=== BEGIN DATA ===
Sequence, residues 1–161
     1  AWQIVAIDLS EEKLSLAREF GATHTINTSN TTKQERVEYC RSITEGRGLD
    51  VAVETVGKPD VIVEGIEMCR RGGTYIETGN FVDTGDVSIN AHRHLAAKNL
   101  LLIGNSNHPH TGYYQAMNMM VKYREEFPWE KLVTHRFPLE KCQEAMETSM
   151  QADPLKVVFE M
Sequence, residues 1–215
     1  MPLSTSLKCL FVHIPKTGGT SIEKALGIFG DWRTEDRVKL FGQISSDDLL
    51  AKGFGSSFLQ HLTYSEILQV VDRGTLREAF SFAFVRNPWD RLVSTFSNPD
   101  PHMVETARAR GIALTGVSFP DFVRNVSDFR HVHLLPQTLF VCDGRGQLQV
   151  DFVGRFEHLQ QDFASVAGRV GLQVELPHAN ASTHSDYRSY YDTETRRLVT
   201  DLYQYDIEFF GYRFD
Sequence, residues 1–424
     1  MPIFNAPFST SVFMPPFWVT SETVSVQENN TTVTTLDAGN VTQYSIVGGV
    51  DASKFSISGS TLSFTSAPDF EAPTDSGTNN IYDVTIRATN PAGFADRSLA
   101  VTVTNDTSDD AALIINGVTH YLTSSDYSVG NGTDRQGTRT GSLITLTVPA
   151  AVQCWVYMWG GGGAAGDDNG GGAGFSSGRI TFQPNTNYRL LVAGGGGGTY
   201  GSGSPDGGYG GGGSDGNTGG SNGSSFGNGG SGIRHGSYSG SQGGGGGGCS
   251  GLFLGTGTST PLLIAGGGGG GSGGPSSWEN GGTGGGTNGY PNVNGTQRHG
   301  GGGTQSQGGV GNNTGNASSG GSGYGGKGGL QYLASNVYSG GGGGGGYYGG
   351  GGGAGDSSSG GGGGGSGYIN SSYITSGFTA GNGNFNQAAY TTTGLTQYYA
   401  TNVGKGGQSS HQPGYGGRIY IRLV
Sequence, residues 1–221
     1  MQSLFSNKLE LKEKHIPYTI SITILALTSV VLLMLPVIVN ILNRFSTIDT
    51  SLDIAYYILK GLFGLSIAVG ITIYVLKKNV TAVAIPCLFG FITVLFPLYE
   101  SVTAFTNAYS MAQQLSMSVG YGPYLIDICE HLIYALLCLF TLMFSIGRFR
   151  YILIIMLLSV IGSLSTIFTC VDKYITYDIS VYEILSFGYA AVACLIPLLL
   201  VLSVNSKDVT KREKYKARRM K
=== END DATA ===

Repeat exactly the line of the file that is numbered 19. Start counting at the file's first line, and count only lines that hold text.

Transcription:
   301  GGGTQSQGGV GNNTGNASSG GSGYGGKGGL QYLASNVYSG GGGGGGYYGG